In sport fishing, nothing is more exciting than sneaking up on a fish, making the cast and watching the predator chase its prey. In many ways, a kayak adds an advantage to sight fishing. The angler stands low, out of the fish’s line of sight. And nothing is quieter than a paddle and 12 feet of plastic.
Sight fishing is particularly popular for anglers targeting redfish in salty marshes and shallow bays. Kayak Angler contributor Evan Howard chases redfish in the Louisiana backwaters looking for the telltale spot tail flagging just above the surface. “I make zero blind casts,” he laughs.
Howard rides the tides and wind following the fish into the shallows. “I either beat productive areas waiting for fish to move through, or I go on the hunt looking for reds moving into the shallows,” he says.
To better spot fish, anglers stand in the kayak, even perch on top of a seat or cooler. A higher perspective allows the angler to see through glare on the water to fish and structure below.
Search the area sweeping your eyes 180 degrees around the boat. Look for fish just under the surface or any indication of activity. “A slight ripple or wake could indicate a fish swimming below.”
Sight fishermen have to use their ears, too. While looking ahead, listen for bait popping or the swirl of a fish tail just out of sight.
Once a fish is spotted, don’t miss. “Casting accuracy is the number one skill for sight fishing,” Howard insists. Each scenario can require a different lead and retrieve. Howard recommends practicing on the lawn. “I target carp in freshwater to practice my accuracy,” he admits. Shooting an easy target in small water can pay off when stalking big fish in big water.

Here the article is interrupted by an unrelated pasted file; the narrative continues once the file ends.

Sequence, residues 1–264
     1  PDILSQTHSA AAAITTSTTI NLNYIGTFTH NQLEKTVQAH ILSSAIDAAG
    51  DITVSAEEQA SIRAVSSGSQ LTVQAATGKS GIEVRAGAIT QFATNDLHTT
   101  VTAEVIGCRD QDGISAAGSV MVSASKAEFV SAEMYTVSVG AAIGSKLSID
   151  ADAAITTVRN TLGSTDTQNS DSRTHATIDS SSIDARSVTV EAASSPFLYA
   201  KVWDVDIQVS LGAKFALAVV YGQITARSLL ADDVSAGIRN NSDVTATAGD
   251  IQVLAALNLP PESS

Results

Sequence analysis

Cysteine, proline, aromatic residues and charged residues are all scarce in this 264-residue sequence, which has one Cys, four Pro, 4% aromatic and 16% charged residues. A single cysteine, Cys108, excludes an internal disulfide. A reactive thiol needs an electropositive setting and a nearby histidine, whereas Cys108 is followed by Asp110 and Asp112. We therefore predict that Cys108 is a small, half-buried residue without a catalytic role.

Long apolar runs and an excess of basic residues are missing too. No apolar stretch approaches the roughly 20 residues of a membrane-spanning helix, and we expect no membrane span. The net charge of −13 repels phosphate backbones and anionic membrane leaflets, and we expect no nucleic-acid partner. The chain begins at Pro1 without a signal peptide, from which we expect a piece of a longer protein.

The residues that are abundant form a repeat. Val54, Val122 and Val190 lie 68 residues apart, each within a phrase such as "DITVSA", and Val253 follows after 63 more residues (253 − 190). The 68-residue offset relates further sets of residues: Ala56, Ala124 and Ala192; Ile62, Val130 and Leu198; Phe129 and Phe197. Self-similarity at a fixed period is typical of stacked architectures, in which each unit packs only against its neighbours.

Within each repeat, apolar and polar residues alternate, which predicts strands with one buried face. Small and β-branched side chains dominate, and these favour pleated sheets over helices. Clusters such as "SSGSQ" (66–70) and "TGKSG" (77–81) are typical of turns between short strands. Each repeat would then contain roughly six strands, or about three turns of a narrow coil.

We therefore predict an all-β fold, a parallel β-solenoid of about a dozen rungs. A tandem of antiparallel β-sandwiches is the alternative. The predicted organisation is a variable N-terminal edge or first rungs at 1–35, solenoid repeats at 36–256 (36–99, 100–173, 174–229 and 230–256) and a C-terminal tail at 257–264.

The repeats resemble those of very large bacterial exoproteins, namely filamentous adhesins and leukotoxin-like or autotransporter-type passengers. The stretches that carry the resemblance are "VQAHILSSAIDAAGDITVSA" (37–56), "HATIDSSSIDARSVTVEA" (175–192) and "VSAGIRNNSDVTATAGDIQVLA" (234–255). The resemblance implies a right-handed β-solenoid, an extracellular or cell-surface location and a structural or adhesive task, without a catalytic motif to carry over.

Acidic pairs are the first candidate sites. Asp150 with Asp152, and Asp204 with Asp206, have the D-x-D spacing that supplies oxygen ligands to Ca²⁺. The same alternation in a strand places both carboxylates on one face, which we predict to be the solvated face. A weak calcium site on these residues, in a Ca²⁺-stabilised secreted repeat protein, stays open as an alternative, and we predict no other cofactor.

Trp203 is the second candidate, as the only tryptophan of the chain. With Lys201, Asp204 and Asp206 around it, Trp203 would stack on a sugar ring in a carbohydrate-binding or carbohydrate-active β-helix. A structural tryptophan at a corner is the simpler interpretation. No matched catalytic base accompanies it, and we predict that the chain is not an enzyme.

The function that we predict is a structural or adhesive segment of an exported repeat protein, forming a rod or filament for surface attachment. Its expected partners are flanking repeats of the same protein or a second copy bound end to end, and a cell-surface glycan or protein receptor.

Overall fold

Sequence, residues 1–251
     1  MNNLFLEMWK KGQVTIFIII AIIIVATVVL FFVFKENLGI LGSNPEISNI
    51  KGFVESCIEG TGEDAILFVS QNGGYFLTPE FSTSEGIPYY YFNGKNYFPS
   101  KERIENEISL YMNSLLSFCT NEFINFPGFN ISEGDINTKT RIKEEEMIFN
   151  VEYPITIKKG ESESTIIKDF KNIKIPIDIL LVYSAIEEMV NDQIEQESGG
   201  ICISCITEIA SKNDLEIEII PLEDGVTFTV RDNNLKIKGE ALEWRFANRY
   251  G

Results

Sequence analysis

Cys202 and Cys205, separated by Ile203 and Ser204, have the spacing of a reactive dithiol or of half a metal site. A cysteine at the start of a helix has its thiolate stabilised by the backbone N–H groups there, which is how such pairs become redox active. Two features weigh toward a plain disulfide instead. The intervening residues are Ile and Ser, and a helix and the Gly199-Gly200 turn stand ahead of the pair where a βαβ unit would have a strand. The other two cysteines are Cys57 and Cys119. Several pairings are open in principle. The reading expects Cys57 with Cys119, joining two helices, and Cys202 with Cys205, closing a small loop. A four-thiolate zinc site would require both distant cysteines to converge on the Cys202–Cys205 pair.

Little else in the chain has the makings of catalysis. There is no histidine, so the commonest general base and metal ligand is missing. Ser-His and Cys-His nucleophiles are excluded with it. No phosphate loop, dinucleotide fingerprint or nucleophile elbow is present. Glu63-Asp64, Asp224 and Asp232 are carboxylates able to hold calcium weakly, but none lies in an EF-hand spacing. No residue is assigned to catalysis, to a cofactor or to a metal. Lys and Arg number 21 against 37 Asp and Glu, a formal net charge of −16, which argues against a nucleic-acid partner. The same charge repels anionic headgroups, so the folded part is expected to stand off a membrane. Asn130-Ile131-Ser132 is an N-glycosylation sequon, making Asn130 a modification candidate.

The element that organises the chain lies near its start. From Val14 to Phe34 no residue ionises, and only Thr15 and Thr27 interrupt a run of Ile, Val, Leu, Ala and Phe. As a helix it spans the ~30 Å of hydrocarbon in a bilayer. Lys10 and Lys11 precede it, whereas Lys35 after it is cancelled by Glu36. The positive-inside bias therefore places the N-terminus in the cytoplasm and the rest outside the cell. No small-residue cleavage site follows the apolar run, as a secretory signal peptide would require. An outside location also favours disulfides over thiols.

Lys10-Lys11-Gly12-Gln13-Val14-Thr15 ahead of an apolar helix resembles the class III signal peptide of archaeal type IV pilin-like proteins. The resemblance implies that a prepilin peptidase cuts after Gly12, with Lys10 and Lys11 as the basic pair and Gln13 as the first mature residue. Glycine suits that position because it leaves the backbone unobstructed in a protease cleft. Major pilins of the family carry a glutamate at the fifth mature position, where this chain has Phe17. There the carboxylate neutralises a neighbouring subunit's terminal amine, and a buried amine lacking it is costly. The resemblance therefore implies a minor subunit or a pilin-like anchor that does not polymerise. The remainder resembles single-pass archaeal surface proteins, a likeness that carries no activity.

Controlling the kayak is a challenge while standing and paddling. Howard stresses the importance of using the tide and wind to your advantage. It’s easier to ride the elements and make slight adjustments than try to fight Mother Nature. Plan the fishitacttng day so the elements push across the most productive water.
Recently, Howard has switched over to using a push pole when standup fishing. “I can maintain silent contact with the bottom and control my drift,” he explains. When he wants to throw on the brakes, Howard can stick the pole in the mud. “Learning to use the push pole has improved my fly fishing exponentially,” he says.
When making a long, accurate cast, it is essential knots pass easily through the rod guides. Howard chooses a low-profile blood knot to attach leader to mainline.
Wind affects Howard’s lure choice, too. On a windy day, he’ll choose a heavier lure he can land more accurately. When conditions are calm, a lighter offering makes less noise to spook the fish.
For Howard, the most important skill for sight fishing is developing his hunter’s instinct, learning to identify the subtle and not-so-subtle cues giving away the fish. He chuckles, “On the way I cast to a lot of mullet schools and ran over a lot of redfish schools.”
Sight fishing brings out the hunting instinct. | Photo: Josh Tidwell